Amendment No. 209 deals with a very simple and basic matter which I hope the Government will accept in principle, even if we do not have to put it on the face of the Bill. The amendment would ensure that, when the new assembly comes into being, it knows what funds are available to it from day one. It would require the government statement to be made,
I believe that to be an essential administrative procedure. What I have proposed is a package, which I do not believe to be unreasonable. I wait with interest to hear the Minister's reply because he may be able to allay my worries.
Lord Davies of Coity: Perhaps I may comment in relation to Clause 82 and the amendments which have been tabled by the noble Lords, Lord Roberts and Lord Mackay. There are two subsections in question, the first of which says:
given what the noble Lord, Lord Roberts, said about the circumstances facing the Welsh people. It would have been sufficient to describe it in the way that I have suggested, without taking into account what was happening in the rest of the UK.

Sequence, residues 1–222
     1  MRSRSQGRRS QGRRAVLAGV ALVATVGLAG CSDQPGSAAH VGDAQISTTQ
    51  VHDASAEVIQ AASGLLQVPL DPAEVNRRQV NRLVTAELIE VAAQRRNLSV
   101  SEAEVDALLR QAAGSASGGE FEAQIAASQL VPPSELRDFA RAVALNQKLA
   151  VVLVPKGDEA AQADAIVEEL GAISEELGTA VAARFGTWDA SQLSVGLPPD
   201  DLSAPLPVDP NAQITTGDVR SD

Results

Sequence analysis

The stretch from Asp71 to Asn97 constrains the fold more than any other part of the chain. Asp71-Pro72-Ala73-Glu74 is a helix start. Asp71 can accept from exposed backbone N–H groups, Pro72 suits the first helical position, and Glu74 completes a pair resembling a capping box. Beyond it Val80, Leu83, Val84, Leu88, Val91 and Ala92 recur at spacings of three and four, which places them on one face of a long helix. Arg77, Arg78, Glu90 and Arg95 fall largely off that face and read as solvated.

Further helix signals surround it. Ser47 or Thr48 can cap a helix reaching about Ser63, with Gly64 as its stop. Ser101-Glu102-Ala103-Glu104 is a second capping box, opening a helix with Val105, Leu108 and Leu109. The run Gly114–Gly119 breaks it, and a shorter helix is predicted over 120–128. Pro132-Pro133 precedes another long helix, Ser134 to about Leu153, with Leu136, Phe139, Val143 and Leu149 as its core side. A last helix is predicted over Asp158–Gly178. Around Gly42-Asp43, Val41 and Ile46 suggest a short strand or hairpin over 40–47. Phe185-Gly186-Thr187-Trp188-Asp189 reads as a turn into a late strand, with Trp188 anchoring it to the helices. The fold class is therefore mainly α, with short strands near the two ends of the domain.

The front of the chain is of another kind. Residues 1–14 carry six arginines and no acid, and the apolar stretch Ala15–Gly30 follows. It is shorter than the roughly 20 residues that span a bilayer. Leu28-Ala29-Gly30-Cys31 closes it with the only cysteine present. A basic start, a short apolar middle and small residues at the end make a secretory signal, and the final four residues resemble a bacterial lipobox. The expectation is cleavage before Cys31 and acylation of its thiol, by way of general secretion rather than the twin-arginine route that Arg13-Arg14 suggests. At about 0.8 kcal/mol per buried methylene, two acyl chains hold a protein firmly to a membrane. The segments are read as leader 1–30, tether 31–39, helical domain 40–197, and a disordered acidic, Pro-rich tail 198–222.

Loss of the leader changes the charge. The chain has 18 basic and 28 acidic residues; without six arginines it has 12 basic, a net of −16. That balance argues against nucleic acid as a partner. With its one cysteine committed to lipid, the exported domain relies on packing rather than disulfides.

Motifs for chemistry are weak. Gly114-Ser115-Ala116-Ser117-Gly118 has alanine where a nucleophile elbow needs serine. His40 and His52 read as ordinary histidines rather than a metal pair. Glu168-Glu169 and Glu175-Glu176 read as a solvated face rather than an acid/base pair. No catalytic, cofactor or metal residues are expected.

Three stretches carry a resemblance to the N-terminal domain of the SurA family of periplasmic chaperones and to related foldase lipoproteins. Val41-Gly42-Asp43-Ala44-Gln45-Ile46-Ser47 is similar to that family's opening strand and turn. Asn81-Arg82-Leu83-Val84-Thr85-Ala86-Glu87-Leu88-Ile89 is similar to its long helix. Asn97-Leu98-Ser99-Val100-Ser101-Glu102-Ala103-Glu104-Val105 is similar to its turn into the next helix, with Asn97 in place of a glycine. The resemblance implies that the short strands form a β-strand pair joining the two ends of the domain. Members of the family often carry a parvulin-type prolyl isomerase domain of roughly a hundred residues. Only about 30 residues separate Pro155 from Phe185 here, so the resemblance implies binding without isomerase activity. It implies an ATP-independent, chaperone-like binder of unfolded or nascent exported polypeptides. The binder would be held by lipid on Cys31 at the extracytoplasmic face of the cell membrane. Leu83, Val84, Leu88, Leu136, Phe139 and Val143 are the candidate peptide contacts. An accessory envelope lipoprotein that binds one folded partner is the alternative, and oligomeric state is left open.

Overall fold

The assembly will be the bona fide government of Wales. It does not require any legislation to mandate the Secretary of State to receive representations or to consult anyone. Presumably, that will be done as a matter of form. As regards revenue, I should tell noble Lords opposite that the Government will be providing the money for the Welsh assembly and it will not be raised by way of taxation. This Government are a government who want to democratise at local level. This Government want to ensure that the Welsh assembly succeeds. Therefore, it is this Government who will provide the money to enable it to do the job that it has been established to do.